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Functional characterization of malaria parasites deficient in the K+ channel Kch2

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K+ channels are integral membrane proteins, which contribute to maintain vital parameters such as the cellular membrane potential and cell volume. Malaria parasites encode two K+ channel homologues, Kch1 and Kch2, which are well-conserved among members of the Plasmodium genus. In the rodent malaria parasite P. berghei, the functional significance of K+ channel homologue PbKch2 was studied using targeted gene knock-out. The knockout parasites were characterized in a mouse model in terms of growth-kinetics and infectivity in the mosquito vector. Furthermore, using a tracer-uptake technique with 86Rb+ as a K+ congener, the K+ transporting properties of the knockout parasites were assessed.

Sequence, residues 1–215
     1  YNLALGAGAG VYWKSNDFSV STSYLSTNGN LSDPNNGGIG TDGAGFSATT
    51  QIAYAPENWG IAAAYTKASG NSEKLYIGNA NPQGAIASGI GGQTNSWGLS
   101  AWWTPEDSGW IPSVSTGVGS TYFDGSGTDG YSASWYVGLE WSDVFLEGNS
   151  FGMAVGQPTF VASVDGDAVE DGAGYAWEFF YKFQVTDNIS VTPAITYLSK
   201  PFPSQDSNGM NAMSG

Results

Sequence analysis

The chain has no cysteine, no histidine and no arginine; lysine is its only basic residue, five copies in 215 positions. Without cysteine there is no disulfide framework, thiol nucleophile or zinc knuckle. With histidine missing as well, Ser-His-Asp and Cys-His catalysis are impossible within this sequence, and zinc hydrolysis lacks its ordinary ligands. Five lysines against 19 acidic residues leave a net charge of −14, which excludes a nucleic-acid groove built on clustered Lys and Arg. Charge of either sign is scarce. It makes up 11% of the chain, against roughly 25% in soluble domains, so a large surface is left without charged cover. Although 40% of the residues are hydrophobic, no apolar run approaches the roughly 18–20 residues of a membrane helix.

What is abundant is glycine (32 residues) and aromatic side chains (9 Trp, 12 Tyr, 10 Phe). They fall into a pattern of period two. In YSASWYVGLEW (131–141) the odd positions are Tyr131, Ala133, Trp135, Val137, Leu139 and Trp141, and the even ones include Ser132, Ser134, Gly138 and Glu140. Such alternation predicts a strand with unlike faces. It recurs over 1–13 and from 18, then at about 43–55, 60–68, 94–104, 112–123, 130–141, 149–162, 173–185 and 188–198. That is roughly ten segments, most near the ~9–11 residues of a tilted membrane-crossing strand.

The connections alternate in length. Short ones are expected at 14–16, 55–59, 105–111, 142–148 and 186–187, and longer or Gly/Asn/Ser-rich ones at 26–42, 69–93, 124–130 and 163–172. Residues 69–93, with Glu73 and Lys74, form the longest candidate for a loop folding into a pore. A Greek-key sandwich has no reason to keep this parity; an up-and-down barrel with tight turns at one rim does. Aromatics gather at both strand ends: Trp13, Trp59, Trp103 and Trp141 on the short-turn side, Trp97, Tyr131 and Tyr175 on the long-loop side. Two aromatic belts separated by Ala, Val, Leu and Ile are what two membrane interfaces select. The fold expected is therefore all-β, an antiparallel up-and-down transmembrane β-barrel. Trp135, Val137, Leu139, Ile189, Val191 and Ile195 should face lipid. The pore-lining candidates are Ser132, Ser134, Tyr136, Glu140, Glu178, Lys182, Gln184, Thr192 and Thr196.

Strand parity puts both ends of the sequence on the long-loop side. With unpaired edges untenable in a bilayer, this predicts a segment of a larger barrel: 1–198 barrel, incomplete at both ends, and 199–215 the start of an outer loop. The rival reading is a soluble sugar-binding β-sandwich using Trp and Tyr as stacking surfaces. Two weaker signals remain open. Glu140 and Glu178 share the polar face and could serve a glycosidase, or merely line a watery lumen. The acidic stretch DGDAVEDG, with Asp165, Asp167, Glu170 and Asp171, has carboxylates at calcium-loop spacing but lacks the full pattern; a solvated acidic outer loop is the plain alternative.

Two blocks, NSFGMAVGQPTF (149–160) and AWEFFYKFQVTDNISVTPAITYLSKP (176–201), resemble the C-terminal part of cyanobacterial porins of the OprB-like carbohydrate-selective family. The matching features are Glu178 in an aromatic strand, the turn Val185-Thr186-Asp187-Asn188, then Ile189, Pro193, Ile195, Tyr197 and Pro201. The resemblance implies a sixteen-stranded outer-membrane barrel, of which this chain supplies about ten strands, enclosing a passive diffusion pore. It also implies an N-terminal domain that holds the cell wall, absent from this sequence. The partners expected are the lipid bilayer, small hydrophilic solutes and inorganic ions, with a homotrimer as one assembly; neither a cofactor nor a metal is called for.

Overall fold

RESULTS: Genetic disruption of Kch2 did not grossly affect the phenotype in terms of asexual replication and pathogenicity in a mouse model. In contrast to Kch1-null parasites, Kch2-null parasites were fully capable of forming oocysts in female Anopheles stephensi mosquitoes. 86Rb+ uptake in Kch2-deficient blood-stage P. berghei parasites (Kch2-null) did not differ from that of wild-type (WT) parasites. About two-thirds of the 86Rb+ uptake in WT and in Kch2-null parasites could be inhibited by K+ channel blockers and could be inferred to the presence of functional Kch1 in Kch2 knockout parasites. Kch2 is therefore not required for transport of K+ in P. berghei and is not essential to mosquito-stage sporogonic development of the parasite.

Original languageEnglish
JournalBiochemical and Biophysical Research Communications
Volume493
Issue number1
Pages (from-to)690-696
Number of pages7
ISSN0006-291X
DOIs
Publication statusPublished - 4 Nov 2017

    Research areas

  • Animals, Anopheles, Female, Malaria, Male, Mice, Plasmodium berghei, Potassium Channels, Protozoan Proteins, Journal Article, Research Support, N.I.H., Extramural, Research Support, Non-U.S. Gov't

ID: 52633506